Political praxis is never clean or simple. There are few examples of a golden age anywhere, or for very long where it is perceived. It seems to be a business of cut and thrust, a very dirty game to play in. It has been no dirtier than with the fall of PM Julia Gillard to third time challenger and former PM Kevin Rudd.

On the one hand I don’t want to lionise Gillard as suffering victim, nor on the other vilify Rudd as vexatious usurper. Politics is, apparently, like this.

Of course it has left some opining for those golden good old days. And there were some hopeful moments as when Whitlam brought us into the modern world, or when Don Chipp founded the Australian Democrats to keep the two main parties honest! When Hawke and Keating commanded real international respect (as opposed to the sycophantic Menzies or the weakness of Howard). Or when Bob Brown and the Greens had some leverage that mattered. But if you were looking for great moments in integrity and really fine leadership you’d be sorely pressed to find it.

What the current leadership wrangle demonstrates to me is the complexity of how unhealthy ego and party machinations towards survival dominate the process of actual leadership and government. Rudd has challenged three times. Those challenges in themselves have surely been debilitating, they take time, energy and focus. Both sides have also spent time in manoeuvring for factional and public support, surely this too is leadership sapping and distracting.

In the midst of it all where is the leadership? Where are the policies?

We are living in a time when our agricultural sector is in deep trouble, not just because of perennial or local weather issues, not just because of global warming, but because there are depressed markets, debt and financial\structural issues, competition and trade problems, labour supply and more. But who in Canberra is bothered?

For me the response to refugees has been devoid of compassion, but this has been lost in inter-party and intra-party wrangling. Refugees were both a factional Labor as well as Liberal casualty. People’s lives have been diminished by party ego taking centre stage and determining the tenor of debate, defence and strut.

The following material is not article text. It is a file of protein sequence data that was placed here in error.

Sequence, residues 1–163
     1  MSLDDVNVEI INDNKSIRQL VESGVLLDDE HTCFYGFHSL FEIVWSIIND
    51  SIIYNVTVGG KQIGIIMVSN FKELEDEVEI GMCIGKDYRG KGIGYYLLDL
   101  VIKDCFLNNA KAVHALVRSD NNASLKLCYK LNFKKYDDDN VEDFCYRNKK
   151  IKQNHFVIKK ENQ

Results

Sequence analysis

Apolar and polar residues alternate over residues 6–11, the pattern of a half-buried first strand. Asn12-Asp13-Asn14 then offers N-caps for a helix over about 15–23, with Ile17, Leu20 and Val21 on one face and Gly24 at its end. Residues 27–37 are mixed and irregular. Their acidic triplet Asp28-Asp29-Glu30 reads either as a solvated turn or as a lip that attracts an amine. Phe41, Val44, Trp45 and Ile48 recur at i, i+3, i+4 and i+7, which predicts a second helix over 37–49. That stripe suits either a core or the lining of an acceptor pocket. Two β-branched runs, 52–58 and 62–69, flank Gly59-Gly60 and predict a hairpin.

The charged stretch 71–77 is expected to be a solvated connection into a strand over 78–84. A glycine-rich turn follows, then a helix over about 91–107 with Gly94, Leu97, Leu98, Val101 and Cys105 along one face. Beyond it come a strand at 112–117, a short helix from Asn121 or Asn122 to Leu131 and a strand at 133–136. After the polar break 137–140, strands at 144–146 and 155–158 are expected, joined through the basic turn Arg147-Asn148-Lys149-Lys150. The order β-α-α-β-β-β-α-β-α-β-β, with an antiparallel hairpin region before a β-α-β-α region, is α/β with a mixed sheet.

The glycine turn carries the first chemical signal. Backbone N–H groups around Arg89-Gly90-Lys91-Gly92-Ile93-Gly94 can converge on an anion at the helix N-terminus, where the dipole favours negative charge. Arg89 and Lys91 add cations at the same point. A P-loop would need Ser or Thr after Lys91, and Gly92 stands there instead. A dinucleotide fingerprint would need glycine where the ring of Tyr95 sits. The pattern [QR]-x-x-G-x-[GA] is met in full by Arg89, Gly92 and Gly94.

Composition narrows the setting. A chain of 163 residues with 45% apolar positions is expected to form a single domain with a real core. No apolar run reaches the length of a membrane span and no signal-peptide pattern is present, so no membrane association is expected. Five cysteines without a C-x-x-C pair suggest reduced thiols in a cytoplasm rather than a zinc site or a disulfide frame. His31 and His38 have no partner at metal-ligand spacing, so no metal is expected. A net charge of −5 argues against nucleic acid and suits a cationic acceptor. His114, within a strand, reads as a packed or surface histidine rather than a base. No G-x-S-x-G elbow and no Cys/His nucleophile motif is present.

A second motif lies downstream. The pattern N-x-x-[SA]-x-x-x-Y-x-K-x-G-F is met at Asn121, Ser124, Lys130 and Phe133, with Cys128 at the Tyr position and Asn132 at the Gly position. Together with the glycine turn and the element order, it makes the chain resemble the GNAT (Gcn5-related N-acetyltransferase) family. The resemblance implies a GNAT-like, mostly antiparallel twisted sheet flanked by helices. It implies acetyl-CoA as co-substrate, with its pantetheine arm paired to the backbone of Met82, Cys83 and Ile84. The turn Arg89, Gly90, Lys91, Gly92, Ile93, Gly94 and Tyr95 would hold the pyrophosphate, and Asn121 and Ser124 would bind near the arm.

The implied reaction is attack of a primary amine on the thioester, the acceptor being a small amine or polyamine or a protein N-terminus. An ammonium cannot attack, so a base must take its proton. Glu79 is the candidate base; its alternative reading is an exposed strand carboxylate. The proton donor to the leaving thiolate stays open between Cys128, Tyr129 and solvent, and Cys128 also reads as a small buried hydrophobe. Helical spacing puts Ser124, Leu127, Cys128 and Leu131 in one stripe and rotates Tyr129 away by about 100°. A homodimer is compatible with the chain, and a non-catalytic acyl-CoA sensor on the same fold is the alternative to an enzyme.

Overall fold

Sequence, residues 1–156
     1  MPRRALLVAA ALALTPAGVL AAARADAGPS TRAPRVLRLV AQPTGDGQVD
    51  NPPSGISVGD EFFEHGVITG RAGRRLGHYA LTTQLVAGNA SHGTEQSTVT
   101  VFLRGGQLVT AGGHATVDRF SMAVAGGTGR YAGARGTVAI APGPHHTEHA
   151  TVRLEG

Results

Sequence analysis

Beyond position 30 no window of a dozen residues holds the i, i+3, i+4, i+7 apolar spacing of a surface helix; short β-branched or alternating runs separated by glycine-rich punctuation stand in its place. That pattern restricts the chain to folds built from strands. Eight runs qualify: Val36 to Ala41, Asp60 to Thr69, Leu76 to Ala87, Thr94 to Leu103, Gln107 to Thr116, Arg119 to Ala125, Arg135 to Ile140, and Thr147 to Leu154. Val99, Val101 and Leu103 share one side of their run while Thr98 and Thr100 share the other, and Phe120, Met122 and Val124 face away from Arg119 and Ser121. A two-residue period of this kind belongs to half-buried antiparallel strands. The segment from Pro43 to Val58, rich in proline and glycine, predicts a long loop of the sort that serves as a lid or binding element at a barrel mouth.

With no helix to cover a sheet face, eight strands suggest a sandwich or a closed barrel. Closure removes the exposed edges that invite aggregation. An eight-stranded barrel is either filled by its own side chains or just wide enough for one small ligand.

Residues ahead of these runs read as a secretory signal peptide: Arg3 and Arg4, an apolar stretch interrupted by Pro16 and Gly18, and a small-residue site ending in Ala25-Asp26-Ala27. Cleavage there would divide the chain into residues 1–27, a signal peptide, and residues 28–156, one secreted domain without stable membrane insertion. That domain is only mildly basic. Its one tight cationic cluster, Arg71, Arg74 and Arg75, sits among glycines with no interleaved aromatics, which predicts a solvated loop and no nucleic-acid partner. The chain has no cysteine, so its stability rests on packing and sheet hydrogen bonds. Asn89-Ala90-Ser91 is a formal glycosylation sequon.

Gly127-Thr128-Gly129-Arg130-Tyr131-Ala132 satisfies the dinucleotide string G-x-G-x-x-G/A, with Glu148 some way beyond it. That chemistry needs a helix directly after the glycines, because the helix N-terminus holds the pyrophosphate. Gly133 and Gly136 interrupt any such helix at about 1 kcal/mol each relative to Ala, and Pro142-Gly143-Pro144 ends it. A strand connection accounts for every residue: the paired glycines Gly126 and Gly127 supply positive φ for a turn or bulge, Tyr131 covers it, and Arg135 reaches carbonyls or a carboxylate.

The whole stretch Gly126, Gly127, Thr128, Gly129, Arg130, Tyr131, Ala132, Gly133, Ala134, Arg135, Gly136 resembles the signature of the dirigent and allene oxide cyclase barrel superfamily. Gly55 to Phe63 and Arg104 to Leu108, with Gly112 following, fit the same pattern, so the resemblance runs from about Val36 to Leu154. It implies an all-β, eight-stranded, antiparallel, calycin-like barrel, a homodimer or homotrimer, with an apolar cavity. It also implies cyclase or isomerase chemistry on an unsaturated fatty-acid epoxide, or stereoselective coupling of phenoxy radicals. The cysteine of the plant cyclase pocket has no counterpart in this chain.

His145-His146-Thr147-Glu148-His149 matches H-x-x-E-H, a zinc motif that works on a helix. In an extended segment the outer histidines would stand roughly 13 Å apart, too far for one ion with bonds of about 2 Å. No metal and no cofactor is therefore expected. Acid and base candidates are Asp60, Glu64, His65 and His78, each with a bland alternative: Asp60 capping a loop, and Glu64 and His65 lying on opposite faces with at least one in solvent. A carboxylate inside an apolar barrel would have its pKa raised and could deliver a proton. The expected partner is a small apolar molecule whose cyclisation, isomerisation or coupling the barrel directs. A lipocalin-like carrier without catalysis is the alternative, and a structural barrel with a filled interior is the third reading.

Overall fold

Mining is currently sexy, but there is yet no policy for the future of mining, will it eventually suffer like agriculture?

Education is another sector. The Gonski reforms are at the very least an attempt to get beyond the the oh so clever petty State games of playing off the Commonwealth and at the same time moving towards a real national standard. The states opine, but look at the standards in some states! The public have begun to be seduced into thinking ill of it, and lately because it is attached to Gillard’s leadership.

The reforms that Gillard spearheaded were not sexy and have surely been a factor in her downfall, voters don’t like cod liver oil no matter how good it is for them. The mining tax would be an example, after all the corporate whinging about it few miners paid any substantial monies out of their hefty profits, which I would point out are derived from crown land (and therefore belonging to the government and therefore the people).

But in the end Gillard herself has suffered only what she herself brought upon Rudd when she challenged earlier. However, what is very different has been the spiteful narking about gender, it was never been overt, but it was there and it was subtly nurtured in the public. No male politician has been demeaned because of their gender, and no PM has been so harassed as Julia Gillard.

When leadership issues dominate ego clearly drives, but in politics it rarely seems to be healthy ego drive. There is little room for integrity, and there is little room for an attending to real public needs. Generosity and compassion are junked for toughness and testosterone.

Somewhere I\we have a responsibility in all of this, because we vote and so we do have some say. Yet as I look out on the political landscape in Australia (and indeed across the world) I feel less hopeful, for me there seem to be no real contenders worth my vote in the things that really matter.

My political fantasy is one where leadership draws from mindfulness and awareness, and holds the praxis of compassion to be the highest, and where all people matter. What would it cost to have an emotionally intelligent leader?

Perhaps when we cross the Rubicon (but never the Styx).

Paul